The possible inclusion of Taiwan in a US TMD system is a most serious issue.  Both the American Omnibus Appropriation Act and the 1999 Fiscal Year Department of Defense Authorization Act support the inclusion of Taiwan into the TMD system.  If the United States transfers TMD systems to Taiwan, it will encourage the separatists in Taiwan to move closer towards independence and make it more difficult for the mainland to strive for peaceful unification.  It will enable Taiwan to directly threaten the air- space security over the Taiwan Strait and China’s mainland.  It will also upgrade the US-Taiwan relationship to one of paramilitary alliance and undermine the very foundation of the three China-US joint communiques.  If the United States includes Taiwan in its TMD system, the security of Taiwan will not be enhanced.  Instead, the situation in the Taiwan Strait will become more unstable.  China will not tolerate the infringement on its territorial integrity and let Taiwan gain independence.  In sum, if the United States insists on developing and deploying NMD and TMD without properly addressing China’s security concern, China-US relations will be seriously hurt and it will not be possible for the two countries to continue cooperation in the field of arms control of nonproliferation.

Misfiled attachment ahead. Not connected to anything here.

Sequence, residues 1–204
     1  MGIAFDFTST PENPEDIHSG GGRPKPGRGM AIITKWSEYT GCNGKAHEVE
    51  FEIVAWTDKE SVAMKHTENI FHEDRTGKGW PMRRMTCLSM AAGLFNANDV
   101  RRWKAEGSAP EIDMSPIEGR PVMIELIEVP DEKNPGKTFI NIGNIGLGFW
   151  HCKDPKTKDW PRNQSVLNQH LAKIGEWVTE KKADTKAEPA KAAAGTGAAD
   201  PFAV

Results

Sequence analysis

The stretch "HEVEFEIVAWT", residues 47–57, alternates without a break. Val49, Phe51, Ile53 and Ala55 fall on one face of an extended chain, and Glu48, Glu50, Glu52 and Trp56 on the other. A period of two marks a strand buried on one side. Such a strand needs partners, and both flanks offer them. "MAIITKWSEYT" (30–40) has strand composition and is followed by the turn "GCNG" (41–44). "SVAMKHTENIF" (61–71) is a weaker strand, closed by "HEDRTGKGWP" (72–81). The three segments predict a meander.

Conclusion

US NMD and TMD programs will not bring real security to the United States and its allies but only impede international arms control and nonproliferation efforts and result in instability and insecurity in the world. As the proliferation of weapons of mass destruction becomes an increasingly important security concern for the international community (and the United States in particular), one country, no matter how powerful it is, just cannot achieve absolute security without considering the security of other countries and cooperating with them.  The right approach to maintaining international peace and security is for the international community to maintain and strengthen international arms control and nonproliferation regimes and make joint efforts and cooperate with each other to deal with the threat of proliferation of weapons of mass destruction.

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Notes

(1)  Jozef Goldblat: Arms Control: A Guide to Negotiations and Agreements, p5.
(2)  Kerry Kartchner: The Objectives of Arms Control, American Defense Policy, p423-429.
(3)  Walter B. Slocombe, The Administration’s Approach, The Washington Quarterly, Summer 2000.